The coronavirus pandemic has resulted in shutdowns of everything from sports, to schools, to even parks and beaches. The result, a completely unstructured day for teens and parents alike. One way to help your teens and tweens through this time of uncertainty is to provide them with a more structured day. We could just as easily let time pass by, but it would be too easy to forget to fit in activities that will help us thrive and be better as a result. I’ve seen many new schedules online that are useful for tweens and younger kids, but not many for teens and high schoolers. So I am sharing a suggested quarantine schedule specific for teens to address their different needs for schooling, connections with friends and family, while fostering their independence and encouraging them to build new life skills.
What Kind of Quarantine Schedule Can Teens Handle?
You would be surprised how much a structured schedule, at least in blocks, can help your teen get through the day. Since we’re in this for the long haul, there is no reason not to mimic a schedule similar to what they get at school. Teenagers are definitely old enough to learn to follow time blocks. They may need some encouragement and reminders to start, but they should get used to it within a few days.
The weekday schedule below shows blocks with different types of work, putting some structure back into our teens’ day. Some important elements that we wanted to make part of their daily schedule were:
- Getting up and getting ready for bed
A consistent time to wake up, get dressed, and get ready for the day. It’s important that their day is similar to a normal school day. Same with a consistent time to get to bed. It would be too easy to let our teens stay late and get up late, but that is detrimental to their health and immune system. Learn more from Dr. Rolando Diaz, Ph.D., about structuring your teen’s day while online distance schooling.
- Distance Learning
Teens should have the maturity and focus to handle blocks of up to two hours at a time for studying, work on online lessons and homework set by the school. High schoolers who are home schooled typically spend about 4 hours per day on schoolwork. For some variety in online learning, including STEM projects, online art classes, and virtual tours of museums and national parks, check out the Activities for Teens During the Coronavirus Quarantine.
- Breaks and Personal Time
Breaks set aside to catch up with friends, on video chat or playing online games together. This way they still feel connected even though they can’t see each other in person.
- Family Teamwork
Teens are more than capable of pitching in at home, helping with cleanup and preparing meals, taking the trash out, wiping down tables, etc. Now that everyone is “sheltering at home”, all teens can pitch in and keep the household running smoothly.
- Family time
With parents working from home, and teens being self-sufficient, we may lose track of time and miss out on actually spending time together. Set aside time before dinner to play games with parents or siblings, or do video chats with cousins or grandparents. In our home, we are using this as a chance to reconnect with grandparents who are out of town.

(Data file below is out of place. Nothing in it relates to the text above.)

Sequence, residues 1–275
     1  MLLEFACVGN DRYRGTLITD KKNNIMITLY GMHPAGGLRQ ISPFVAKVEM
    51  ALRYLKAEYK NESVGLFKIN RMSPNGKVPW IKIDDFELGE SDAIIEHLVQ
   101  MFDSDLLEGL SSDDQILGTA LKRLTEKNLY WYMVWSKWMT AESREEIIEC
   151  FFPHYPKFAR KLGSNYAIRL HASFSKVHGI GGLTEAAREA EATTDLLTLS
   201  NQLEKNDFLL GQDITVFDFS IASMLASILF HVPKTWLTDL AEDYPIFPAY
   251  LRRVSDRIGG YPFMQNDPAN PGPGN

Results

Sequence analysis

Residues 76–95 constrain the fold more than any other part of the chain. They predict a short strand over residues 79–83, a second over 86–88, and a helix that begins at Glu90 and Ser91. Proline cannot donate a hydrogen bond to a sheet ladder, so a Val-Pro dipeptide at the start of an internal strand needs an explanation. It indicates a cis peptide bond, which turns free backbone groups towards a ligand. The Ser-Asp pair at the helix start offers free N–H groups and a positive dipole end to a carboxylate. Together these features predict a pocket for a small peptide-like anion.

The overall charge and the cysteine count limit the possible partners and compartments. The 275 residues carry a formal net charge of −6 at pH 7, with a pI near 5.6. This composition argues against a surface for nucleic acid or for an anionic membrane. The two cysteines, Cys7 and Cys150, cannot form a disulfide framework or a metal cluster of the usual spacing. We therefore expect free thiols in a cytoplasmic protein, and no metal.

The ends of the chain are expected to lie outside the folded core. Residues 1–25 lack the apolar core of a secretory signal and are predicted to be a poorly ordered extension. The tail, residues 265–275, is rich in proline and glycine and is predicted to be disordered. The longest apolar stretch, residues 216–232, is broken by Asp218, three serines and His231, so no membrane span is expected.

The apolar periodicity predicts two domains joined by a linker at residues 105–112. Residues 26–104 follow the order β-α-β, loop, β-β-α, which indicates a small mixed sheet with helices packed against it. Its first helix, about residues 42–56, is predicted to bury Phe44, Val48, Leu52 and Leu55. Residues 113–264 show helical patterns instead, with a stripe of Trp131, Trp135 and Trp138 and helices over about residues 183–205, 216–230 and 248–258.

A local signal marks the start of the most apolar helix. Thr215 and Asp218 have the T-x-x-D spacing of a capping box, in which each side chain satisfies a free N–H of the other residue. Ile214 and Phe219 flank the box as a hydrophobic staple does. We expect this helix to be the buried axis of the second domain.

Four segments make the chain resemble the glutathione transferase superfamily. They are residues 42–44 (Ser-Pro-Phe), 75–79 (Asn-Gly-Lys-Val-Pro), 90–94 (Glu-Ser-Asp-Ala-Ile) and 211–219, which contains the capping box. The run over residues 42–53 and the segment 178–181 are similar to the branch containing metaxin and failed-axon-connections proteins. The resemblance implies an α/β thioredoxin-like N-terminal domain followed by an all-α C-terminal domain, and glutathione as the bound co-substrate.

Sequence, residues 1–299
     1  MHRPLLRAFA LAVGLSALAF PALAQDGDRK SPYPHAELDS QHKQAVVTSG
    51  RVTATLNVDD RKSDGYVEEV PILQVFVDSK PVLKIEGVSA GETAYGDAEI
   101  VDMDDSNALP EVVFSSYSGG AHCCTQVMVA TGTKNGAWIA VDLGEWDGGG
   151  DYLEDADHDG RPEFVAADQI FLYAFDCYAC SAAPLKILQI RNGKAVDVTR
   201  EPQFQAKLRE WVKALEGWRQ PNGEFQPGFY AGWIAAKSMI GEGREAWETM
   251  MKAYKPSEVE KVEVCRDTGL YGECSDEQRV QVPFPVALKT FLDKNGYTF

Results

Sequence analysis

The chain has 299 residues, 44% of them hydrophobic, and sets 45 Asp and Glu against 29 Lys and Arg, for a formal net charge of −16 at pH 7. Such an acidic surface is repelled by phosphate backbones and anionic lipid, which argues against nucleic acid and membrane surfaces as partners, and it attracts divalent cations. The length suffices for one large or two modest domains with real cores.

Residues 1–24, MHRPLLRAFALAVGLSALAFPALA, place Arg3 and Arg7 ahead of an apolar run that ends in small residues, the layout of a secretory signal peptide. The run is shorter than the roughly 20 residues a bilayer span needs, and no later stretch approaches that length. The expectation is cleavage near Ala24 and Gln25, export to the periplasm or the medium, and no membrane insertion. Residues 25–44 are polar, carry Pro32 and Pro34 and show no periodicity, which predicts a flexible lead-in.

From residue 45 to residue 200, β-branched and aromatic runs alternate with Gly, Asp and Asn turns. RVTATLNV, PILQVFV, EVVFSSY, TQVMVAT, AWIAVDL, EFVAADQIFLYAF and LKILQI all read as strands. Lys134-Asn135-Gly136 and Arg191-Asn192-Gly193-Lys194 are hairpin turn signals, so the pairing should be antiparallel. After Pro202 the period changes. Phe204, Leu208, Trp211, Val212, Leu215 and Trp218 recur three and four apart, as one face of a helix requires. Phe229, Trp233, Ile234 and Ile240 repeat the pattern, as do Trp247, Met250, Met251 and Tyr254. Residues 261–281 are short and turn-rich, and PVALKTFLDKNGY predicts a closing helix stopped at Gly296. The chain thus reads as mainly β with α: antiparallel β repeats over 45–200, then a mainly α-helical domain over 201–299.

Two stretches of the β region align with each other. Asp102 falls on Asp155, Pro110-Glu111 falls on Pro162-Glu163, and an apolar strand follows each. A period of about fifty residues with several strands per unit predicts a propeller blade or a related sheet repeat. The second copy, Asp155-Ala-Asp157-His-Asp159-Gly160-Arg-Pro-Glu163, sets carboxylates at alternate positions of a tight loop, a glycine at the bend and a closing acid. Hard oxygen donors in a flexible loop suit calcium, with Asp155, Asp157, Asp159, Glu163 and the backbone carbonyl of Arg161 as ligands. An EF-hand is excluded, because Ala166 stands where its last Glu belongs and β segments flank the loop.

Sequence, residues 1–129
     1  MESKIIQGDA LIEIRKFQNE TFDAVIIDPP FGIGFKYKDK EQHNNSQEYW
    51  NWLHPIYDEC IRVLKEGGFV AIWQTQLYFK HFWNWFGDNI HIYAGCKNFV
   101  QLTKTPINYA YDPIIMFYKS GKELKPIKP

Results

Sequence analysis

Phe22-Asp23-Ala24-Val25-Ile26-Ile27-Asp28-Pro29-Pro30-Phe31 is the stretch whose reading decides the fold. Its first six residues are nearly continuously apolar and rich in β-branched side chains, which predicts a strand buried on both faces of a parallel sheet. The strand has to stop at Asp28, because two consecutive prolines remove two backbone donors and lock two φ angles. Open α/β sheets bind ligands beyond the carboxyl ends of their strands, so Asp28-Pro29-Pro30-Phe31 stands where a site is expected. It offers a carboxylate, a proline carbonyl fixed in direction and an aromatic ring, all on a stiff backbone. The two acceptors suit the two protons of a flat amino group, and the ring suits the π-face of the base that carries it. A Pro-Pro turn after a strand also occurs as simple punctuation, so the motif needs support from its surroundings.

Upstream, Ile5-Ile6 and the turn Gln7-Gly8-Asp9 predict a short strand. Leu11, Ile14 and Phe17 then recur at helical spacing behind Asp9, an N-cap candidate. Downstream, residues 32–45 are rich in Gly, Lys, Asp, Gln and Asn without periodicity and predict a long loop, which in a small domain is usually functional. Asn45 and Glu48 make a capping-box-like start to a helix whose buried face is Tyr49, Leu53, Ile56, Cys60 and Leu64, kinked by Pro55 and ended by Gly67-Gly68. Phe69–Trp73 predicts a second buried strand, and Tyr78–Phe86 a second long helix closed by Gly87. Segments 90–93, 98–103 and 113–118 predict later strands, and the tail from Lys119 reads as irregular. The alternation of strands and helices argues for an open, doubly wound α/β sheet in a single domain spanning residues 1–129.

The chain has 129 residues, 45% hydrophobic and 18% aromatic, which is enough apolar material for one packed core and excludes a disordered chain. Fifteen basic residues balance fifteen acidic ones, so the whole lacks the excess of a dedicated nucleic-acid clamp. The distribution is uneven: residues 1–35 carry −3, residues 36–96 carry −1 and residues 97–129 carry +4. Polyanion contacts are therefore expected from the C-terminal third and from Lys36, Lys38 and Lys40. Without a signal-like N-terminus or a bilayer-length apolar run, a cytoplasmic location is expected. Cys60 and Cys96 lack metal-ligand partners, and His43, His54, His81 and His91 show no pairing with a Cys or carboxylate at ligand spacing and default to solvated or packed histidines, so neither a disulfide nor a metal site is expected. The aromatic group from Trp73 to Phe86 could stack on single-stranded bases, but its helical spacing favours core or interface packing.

- Time away from electronics
We give our teens freedom over using apps, video games, or video chat to connect with their friends. It’s just as important to make sure they have down time from screens, and spend quiet time reading, writing in journals, or engaging in other reflective activities.
- Creating Goals and Working the Plan!
Up until now, your teens may already have been working on goals with their coaches, teachers, or mentors. Now that structure is gone, and teens can take over responsibility for their goals, be self-accountable and keep making progress. With limited time spent on schoolwork, they can start working on a new goal that makes them excited. A goal can include building new skills, creating something new, or learning about a new topic. Your teen will be able to clearly see how just a few extra minutes a day on a long-term goal adds up and makes a difference. Download our SMART Goals worksheet to set up goals with maximum chance of success.
Make Your Own Schedule With Your Teens
We think the quarantine schedule for teens works pretty well for our family. But of course many of you will want to come up with your own version. So we’re sharing a blank template that you can print and make your own with your teen. You can determine together:
- The best time of day to spend on learning activities
- Best times to take breaks to connect with friends
- What activities can your family share to bond during family time
- When is the optimal time to work on a new goal
- Other quiet time activities to help settle down before bedtime
- Specific time of day to wake up and go to bed
Let’s Turn Downtime into an Opportunity
We can give our teens some independence, teaching them to take on the responsibility for their own work and effort. Setting a structure and new goals will help them build executive functioning skills like planning and prioritizing, time management, task initiation, and goal directed persistence. Learn more about What is Executive Functioning and Does My Teen Need It?.
Join our Facebook group Parenting Busy Teens, and let us help you with answers to any questions or challenges you may be having. We hope to be a resource for you and your teens, by providing ideas and encouragement, and celebrating success together!
Connect with Teen SMART Goals on social media!